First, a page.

UP and Down
Kings Canyon Loop just south of the sleepy East Bay suburb of Moraga is an athletic loop that features one big up-and-down and dozens of smaller ups-and-downs. The constant exertion keeps the heart rate up, and ample shade helps keep you cool despite eliminating most views.
The centerpiece of this hike is Upper San Leandro Reservoir though the route does not circumnavigate it. The reservoir was formed in 1926 on San Leandro Creek. San Leandro Creek is notable because it is one of the few creeks feeding San Francisco Bay that formerly had runs of Chinook salmon, coho salmon, and steelhead trout. This is also the site of the world's first rainbow trout hatchery, and indeed also harbored the rainbow trout that would become the Latin namesake of the species.
This hike begins at the Valle Vista Staging Area, and one must have an EBMUD (East Bay Municipal Utility District) pass to not only park there, but hike here as well. My pass was $28 for 3 years so it's well worth it especially because the staging area is also a great spot to access Redwood Regional Park immediately to the west.
Sign in at the trail register (i.e. writing down your EBMUD pass number and license plate), and head left/south towards the reservoir. There's a picnic bench immediately on your left, and a trail junction about 1/4 mile ahead. Go left/east if you want to do the big up and big down first, or right if you want to do the segment with many small ups-and-downs. My description goes left. This portion travels through a nice grove of tall knobcone pine before crossing a bridge over Moraga Creek. Go right on the south side of the bridge and continue along the reservoir past a working ranch before turning left at the junction with the Rocky Ridge Trail that heads uphill. The route heads away from the reservoir, and rapidly gains elevation. You reach the top of a ridge with the reservoir behind you and a nice-looking neighborhood in front of you to the east. Turn right/south and walk by a house that looks like it's been under construction for the past 30 years, and hit the big uphill climb.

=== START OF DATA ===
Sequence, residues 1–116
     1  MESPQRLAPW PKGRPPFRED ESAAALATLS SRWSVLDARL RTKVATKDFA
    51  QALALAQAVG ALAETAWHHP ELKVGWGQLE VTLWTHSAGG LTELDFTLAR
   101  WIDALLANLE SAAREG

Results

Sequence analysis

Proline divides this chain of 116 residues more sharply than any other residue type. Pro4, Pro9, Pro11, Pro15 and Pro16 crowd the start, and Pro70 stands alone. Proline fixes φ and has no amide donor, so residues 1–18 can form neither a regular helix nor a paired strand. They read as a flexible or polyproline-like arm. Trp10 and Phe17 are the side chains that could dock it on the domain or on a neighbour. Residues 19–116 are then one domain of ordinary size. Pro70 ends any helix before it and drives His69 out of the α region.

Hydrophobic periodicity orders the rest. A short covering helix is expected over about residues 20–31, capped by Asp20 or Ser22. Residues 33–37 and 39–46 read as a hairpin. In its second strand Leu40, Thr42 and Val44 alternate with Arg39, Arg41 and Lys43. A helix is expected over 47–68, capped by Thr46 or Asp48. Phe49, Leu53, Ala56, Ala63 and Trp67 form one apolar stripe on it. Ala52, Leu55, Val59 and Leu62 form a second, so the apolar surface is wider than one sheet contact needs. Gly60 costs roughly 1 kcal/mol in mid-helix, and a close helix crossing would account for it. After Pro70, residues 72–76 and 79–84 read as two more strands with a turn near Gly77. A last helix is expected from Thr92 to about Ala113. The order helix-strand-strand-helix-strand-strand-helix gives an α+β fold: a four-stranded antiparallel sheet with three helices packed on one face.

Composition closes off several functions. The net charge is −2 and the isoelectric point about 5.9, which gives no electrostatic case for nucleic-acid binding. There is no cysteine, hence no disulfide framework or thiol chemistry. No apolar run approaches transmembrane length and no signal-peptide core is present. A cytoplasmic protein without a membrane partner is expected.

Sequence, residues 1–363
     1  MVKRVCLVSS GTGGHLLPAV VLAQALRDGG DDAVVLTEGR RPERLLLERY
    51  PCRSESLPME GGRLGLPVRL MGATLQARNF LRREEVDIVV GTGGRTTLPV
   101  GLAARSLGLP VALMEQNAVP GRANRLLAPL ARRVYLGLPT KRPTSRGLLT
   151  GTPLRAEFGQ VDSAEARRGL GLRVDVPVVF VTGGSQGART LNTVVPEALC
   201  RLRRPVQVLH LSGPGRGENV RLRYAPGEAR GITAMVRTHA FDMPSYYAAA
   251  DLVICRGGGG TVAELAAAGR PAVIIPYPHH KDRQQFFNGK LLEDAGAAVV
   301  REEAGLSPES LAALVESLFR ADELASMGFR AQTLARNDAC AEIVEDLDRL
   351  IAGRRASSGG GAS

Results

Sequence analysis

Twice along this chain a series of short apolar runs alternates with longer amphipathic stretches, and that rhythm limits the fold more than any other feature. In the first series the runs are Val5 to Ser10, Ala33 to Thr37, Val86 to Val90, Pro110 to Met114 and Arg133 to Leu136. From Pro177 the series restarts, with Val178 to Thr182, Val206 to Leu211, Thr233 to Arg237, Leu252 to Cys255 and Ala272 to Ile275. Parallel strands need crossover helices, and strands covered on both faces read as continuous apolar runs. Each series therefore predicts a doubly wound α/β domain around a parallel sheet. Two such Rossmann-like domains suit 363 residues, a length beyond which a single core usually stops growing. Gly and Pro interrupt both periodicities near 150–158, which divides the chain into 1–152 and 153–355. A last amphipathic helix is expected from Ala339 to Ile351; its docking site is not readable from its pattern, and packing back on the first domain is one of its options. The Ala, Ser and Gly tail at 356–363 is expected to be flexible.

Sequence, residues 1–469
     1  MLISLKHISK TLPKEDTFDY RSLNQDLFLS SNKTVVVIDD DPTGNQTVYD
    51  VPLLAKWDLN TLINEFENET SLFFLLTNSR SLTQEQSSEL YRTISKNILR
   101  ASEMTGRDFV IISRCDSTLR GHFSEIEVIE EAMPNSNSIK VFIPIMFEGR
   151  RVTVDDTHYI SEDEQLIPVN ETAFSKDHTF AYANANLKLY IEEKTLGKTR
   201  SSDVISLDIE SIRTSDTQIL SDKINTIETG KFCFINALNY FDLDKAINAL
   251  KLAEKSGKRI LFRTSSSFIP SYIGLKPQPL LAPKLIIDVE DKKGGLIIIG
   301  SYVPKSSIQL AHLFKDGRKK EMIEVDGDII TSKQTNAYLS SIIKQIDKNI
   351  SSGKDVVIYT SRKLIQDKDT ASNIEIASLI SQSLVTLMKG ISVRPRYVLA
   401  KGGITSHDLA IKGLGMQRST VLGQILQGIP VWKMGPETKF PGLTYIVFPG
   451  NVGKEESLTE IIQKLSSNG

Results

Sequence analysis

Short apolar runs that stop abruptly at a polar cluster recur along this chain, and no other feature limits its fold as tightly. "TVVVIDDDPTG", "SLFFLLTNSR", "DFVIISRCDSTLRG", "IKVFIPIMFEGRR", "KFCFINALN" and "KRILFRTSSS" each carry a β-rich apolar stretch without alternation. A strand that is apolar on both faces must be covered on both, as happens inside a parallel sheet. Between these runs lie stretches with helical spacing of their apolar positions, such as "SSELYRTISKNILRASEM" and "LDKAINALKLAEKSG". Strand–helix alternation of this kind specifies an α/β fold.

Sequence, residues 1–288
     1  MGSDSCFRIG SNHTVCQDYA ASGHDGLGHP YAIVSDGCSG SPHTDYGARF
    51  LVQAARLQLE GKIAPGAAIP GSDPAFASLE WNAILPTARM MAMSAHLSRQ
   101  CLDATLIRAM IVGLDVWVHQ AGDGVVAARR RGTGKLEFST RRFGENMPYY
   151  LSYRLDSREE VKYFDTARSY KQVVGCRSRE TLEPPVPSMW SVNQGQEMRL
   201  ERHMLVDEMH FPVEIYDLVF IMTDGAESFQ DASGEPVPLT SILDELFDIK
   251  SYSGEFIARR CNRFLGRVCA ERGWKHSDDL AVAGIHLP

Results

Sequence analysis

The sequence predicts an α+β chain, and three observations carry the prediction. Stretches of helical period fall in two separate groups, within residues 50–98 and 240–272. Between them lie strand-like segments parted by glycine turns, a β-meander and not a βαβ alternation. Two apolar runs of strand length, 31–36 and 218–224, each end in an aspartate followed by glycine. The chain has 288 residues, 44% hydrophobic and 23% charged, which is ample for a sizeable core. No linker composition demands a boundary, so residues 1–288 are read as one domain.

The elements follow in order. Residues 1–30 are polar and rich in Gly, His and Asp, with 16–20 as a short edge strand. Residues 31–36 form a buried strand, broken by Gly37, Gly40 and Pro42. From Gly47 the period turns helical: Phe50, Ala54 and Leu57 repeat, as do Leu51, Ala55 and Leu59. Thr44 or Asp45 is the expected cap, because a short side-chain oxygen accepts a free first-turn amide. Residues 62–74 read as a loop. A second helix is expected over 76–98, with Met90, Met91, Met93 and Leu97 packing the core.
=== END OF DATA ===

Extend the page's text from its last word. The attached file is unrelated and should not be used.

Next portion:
This segment is underneath tall tanoak and live oak trees with heavy undergrowth on both sides. This area has a lot of poison oak so be careful. The route hits a junction with the fire road that travels to the top of the mountain, but taking it is illegal according to a prominent sign. The Rocky Ridge Trail then heads straight downhill. The trail here is very steep, but eventually crosses a meadow that was full of cattle on my initial visit (including an intact bull hanging out right next to the trail). There is actually a hiker's gate, but I climbed up and over the cattle gate in my haste.
Go right (there's another trailhead here) towards the reservoir on the Kings Canyon Loop trail, and begin to experience the ups-and-downs that you'll enjoy until you approach the junction with the Rocky Ridge trail. There are occasional views of the reservoir through the dense cover of live oak and chaparral, but at this point your focus is on going up and then going down and repeating seemingly ad nauseum.
This is more of a training hike than a destination, but well worth for folks in the East Bay.
Gate Policy: If a gate is closed upon arrival, leave it closed after you go through. If it is open, leave it open. Leaving a closed gate open may put cattle in danger. Closing an open gate may cut them off from water. Please be respectful, leave gates as found.
WARNING! Hiking and outdoor related sports can be dangerous. Be responsible and prepare for the trip. Study the area you are entering and plan accordingly. Dress for the current and unexpected weather changes. Take plenty of water. Never go alone. Make an itinerary with your plan(s), route(s), destination(s) and expected return time. Give your itinerary to trusted family and/or friends.